View details for DOI 10.1097/HRP.0000000000000245

    View details for PubMedID 32053528

  • Overdose Reversals Save Lives-Period. JAMA psychiatry Morris, N. P., Kleinman, R. A. 2020

    View details for DOI 10.1001/jamapsychiatry.2019.4000

    View details for PubMedID 31913412

  • Intervene or Innovate: a Dilemma for Psychiatrists-in-Training. Academic psychiatry : the journal of the American Association of Directors of Psychiatric Residency Training and the Association for Academic Psychiatry Morris, N. P., Eshel, N. 2020

    View details for DOI 10.1007/s40596-020-01203-2

    View details for PubMedID 32100253

  • Federal Barriers to Addressing the Opioid Epidemic. Journal of general internal medicine Kleinman, R. A., Morris, N. P. 2020

    View details for DOI 10.1007/s11606-020-05721-5

    View details for PubMedID 32076988

  • Supporting the Use of Medications for Addiction Treatment in US Drug Courts: Opportunities for Health Professionals. Journal of addiction medicine Morris, N. P., Bentzley, B. S. 2019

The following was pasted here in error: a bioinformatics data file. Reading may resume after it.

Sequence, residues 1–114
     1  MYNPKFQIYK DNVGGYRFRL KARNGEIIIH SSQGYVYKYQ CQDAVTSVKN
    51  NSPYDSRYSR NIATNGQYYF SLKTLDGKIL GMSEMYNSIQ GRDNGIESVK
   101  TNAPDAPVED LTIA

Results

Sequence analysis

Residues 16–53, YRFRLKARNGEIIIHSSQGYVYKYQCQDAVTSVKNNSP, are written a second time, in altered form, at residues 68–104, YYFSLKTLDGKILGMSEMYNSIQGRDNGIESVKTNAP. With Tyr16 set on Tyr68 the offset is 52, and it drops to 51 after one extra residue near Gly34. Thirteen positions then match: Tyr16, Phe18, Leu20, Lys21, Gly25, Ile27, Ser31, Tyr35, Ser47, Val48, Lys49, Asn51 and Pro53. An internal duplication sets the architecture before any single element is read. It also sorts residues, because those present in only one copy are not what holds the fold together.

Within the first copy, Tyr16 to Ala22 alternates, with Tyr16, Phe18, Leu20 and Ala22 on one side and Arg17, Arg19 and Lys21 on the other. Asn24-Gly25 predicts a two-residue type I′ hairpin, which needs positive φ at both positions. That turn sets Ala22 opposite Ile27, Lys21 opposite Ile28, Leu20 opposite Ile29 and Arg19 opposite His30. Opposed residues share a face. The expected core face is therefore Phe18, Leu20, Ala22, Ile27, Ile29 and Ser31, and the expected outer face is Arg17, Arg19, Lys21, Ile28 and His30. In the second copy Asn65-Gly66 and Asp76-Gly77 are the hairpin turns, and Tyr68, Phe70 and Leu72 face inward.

: Drug courts are specialty courts that offer treatment services as alternatives to incarceration for defendants struggling with problems related to substance use. These courts have become major access points in the United States for the treatment of substance use disorders, but drug court participants often have limited access to medications for addiction treatment (MAT). A growing chorus of advocates and organizations have called for expanding access to MAT in drug courts, and health professionals may wonder how to join in these efforts. This article reviews practical ways in which individual health professionals might support access to MAT in drug courts, including working with drug courts, fighting public stigma against MAT, contributing to research on MAT in drug courts, and expanding addiction training among clinicians.

    View details for DOI 10.1097/ADM.0000000000000583